A 10-minute call with an occupational therapist
“Cayson” is 5. He is hyperlexic (meaning, he accurately reads words well beyond what would be expected at his age, but he doesn’t link meaning to them) and has a very difficult time with spelling. When I first met Cayson, he was unable to write any sounds, letters, or words. Additionally, he had an incredibly difficult time with handwriting. Pencil grip, letter formation, letter spacing, and word spacing are just a few areas of writing mechanics that were tremendously challenging for him. Cayson had been working on handwriting with an occupational therapist, yet his poor writing mechanics continued to be quite the obstacle for our spelling work.
In the clinical and academic worlds, it is important to recognize how multiple components of a child’s profile interact. For instance, Cayson’s poor letter formation was putting an extra burden on his spelling; both of which were areas of challenge. Instead of ignoring the handwriting component, and deeming it “outside of my scope”, I called his occupational therapist (OT).
In a 10-minute call with his OT, I learned about key resources that would not only help Cayson but would benefit my other students, too. It only a few minutes for him to explain that Redi-Space and Hi-Write paper are two resources that are incredibly beneficial for Cayson. He also shared the “handwriting checklist” that he uses every time Cayson puts pencil to paper.
Since having this call with Cayson’s occupational therapist, I have used Redi-Space and Hi-Write paper with many of my students. I’ve also shared the resource(s) with parents, teachers, and other clinicians. In that one phone call that took up as much time as a social media scroll, I gained knowledge about a related field that has not only helped me as a clinician but has benefited a number of my, and my colleagues, students.
Now, why is this topic worthy of a blog post? I have no connection to Redi-Space or Hi-Write products; I can’t say for sure that these two resources will work for the students or children of those of you reading this. But, what I can say for sure, is that taking the time to collaborate with professionals outside of your field is critical. When I say collaboration, I don’t just mean to go through the motions of talking with them. I mean to really listen and to do your best to implement their suggestions.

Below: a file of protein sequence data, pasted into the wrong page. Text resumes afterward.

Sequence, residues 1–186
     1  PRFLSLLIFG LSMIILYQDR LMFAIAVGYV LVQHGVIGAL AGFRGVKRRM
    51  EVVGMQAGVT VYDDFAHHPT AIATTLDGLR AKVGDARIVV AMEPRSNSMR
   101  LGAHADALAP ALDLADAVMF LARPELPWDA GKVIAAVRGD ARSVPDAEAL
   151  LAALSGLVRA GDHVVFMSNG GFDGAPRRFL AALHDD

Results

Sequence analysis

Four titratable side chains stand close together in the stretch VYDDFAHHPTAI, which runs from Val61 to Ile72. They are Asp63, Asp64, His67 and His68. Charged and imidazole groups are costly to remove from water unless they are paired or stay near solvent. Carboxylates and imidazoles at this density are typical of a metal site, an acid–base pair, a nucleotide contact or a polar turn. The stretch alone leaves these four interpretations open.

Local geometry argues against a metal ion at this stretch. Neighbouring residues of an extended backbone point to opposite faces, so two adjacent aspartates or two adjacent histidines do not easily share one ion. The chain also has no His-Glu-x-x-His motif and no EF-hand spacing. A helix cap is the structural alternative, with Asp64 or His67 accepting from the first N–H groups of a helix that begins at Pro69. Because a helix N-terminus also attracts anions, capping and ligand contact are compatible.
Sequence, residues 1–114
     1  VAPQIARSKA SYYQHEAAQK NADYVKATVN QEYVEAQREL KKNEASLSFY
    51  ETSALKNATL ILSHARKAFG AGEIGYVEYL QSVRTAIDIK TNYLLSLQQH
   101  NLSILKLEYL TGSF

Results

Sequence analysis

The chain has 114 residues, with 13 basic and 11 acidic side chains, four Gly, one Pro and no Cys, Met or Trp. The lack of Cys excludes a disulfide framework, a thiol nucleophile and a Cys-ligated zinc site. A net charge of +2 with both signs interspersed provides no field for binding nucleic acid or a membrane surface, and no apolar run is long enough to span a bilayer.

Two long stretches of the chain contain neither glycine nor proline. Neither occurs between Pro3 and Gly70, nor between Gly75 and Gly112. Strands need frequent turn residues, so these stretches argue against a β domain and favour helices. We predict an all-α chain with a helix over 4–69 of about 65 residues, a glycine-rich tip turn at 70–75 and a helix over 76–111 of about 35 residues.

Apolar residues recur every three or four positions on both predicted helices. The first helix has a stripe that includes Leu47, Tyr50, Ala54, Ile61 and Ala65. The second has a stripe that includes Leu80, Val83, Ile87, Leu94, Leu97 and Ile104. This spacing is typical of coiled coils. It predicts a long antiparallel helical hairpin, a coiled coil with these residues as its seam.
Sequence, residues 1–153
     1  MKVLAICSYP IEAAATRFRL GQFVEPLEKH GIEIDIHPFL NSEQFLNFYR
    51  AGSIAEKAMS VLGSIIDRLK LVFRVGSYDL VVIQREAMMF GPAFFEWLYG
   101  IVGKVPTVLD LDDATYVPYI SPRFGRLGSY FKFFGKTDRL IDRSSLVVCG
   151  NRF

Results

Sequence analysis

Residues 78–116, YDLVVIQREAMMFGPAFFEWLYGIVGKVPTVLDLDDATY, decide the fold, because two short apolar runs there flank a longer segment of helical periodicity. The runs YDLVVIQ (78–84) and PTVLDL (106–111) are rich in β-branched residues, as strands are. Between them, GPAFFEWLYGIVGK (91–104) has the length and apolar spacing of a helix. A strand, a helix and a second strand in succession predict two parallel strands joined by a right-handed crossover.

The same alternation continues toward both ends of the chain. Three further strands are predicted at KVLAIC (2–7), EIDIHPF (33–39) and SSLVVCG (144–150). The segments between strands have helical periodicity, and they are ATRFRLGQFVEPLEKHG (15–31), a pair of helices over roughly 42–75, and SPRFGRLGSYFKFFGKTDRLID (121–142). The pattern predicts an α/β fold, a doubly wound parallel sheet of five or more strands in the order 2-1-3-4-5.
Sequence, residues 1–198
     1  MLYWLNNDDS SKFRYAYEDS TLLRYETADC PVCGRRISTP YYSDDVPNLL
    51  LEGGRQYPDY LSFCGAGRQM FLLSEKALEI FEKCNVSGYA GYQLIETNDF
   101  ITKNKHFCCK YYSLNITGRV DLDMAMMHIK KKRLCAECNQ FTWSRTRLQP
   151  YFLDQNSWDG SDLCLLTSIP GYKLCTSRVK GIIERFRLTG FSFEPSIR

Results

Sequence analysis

Far too often, professionals operate in a vacuum. We only focus on our specific goals, and we fail to recognize how tangential areas of a student’s profile relate to the targets we are working on. Similarly, we often become so rooted in our own ways that we are unable to take a step back and see our students from a different clinician or academic perspective. Our student’s progress depends on us getting out of our own way and collaborating with their other stakeholders. Clinicians, teachers, family members- we are all a team with shared desires for our students. By taking 10 minutes out of our days to connect, collaborate, and join forces, we will help our students develop skills that can be generalized across settings and tasks so the work we do with them can be far-reaching and lead to independence and success.
There is always time for collaboration! I have found that some of my most effective and worthwhile meetings have happened in 15 minutes or less. Don’t be afraid to schedule short, efficient conversations.
Put your ego aside. It is okay to not be an expert in everything! We should all always be learning, questioning, and advancing our knowledge.
Trust, but verify. Just because someone says something will work, doesn’t mean it always does. Be open to hearing advice, but then use your own unbiased clinical judgment and evidence-based research to decide if it’s worth following.
Make sure to get consent from parents before speaking with other providers.
Encourage collaboration between your student’s clinicians, teachers, and all important stakeholders.
It is in your best interest to be transparent and upfront about who your child is seeing.
Be direct about what services your child is working on with each provider. Doing so will not only make for better clinical treatment and collaboration between providers, but it will also help you monitor the services your child is receiving and prevent unnecessary crossover.
Follow up with your clinician(s) to see how the strategies and resources are translating across settings.
Inquire about what you can do at home. Are there certain strategies or activities your clinician(s) recommend? Are there resources you can make available at home? Don’t be afraid to ask!
As always, email email@example.com with any questions or comments about this post. Or, if you’re interested in connecting with The Learning Doctor, visit www.seattlelearningdoctor.com to inquire about a free consultation.